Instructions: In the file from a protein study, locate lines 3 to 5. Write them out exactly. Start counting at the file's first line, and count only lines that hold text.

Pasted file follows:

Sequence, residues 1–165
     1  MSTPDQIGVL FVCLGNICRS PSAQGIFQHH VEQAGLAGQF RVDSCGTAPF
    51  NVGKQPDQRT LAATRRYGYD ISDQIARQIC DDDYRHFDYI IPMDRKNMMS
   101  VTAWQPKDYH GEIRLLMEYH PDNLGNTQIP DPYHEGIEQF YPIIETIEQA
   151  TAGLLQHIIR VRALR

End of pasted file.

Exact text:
    51  NVGKQPDQRT LAATRRYGYD ISDQIARQIC DDDYRHFDYI IPMDRKNMMS
   101  VTAWQPKDYH GEIRLLMEYH PDNLGNTQIP DPYHEGIEQF YPIIETIEQA
   151  TAGLLQHIIR VRALR